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Deepening the Bond Between OSINT and Digital Forensics

May 18, 2023

Digital forensic investigative solutions and AI-powered open-source intelligence (OSINT) platforms are playing crucial roles in modernizing police investigations, helping to save lives and closing cases faster by developing solid leads.

Working together, these powerful technologies can increase the ability to locate missing persons, find victims of human trafficking and identify criminals in fraud and extortion cases, as well as assist in solving violent as well as property crimes.

This is the message Cobwebs Technologies conveyed to law enforcement and investigators at the recent Magnet User Conference 2023 Summit, held last month in Nashville, TN.  At the conference, we showed how agencies can marry digital forensic evidence with web intelligence research to provide a more comprehensive and complete investigation process. A strategic partnership with Magnet Forensics aligns our OSINT platform with Magnet Forensics’ digital investigations solutions, providing end-to-end investigation capabilities.

Today, the big challenge is OSINT analysts and forensic digital investigators are siloed. In fact, the two functions do not cross streams in 95 percent of the law enforcement agencies we work with. That must change. There must be synergy between the two types of tools and greater collaboration between OSINT analysts and digital forensic investigators.

Law enforcement agencies are not combining resources to create a more comprehensive investigative process because investigators often do not know they are operating in siloes. Analysts are primarily deriving tactical intelligence from online media, looking to go after gang crimes and other threatening activities.  They are often not aware of the possibilities of combining web intelligence with information from the forensics side.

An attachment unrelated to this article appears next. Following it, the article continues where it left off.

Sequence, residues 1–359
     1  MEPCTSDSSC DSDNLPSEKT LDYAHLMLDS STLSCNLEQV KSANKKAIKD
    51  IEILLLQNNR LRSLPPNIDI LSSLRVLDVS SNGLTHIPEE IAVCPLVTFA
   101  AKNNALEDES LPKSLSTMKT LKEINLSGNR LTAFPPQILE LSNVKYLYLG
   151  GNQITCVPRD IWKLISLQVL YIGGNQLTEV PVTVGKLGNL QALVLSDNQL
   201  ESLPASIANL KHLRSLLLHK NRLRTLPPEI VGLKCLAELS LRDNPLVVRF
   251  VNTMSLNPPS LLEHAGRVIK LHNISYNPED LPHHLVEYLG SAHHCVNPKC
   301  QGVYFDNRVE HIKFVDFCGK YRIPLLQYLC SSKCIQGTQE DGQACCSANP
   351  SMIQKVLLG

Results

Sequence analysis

When I was the project developer for the City of Hartford’s Capital City Command Center (C4), a Real Time Crime Center (RTCC), I made sure all my intelligence analysts were forensically certified. The RTCC provides real-time and investigative back support for local, state, and federal law enforcement partners utilizing multiple layers of forensic tools, coupled with data resources, and real-time intelligence. This kept our investigators and analysts from being siloed in their approach to investigations.

Investigations Can Start Anywhere

Law enforcement analysts can start investigations anywhere when web intelligence and forensics come together. An investigator can start with a name, location, or cell phone. They can start with whatever information they are able from initial reports. With Magnet they can extract information from a device, cell phone or computer. That information is important to intelligence analysts because it contains unique identifiers—names, emails, phone numbers with no identities attached to them, or even information about cryptocurrencies and wallets. We can take that information and send it to the Cobwebs Technologies platform to see if it matches up with account information or other attributable information from publicly available sources on the web.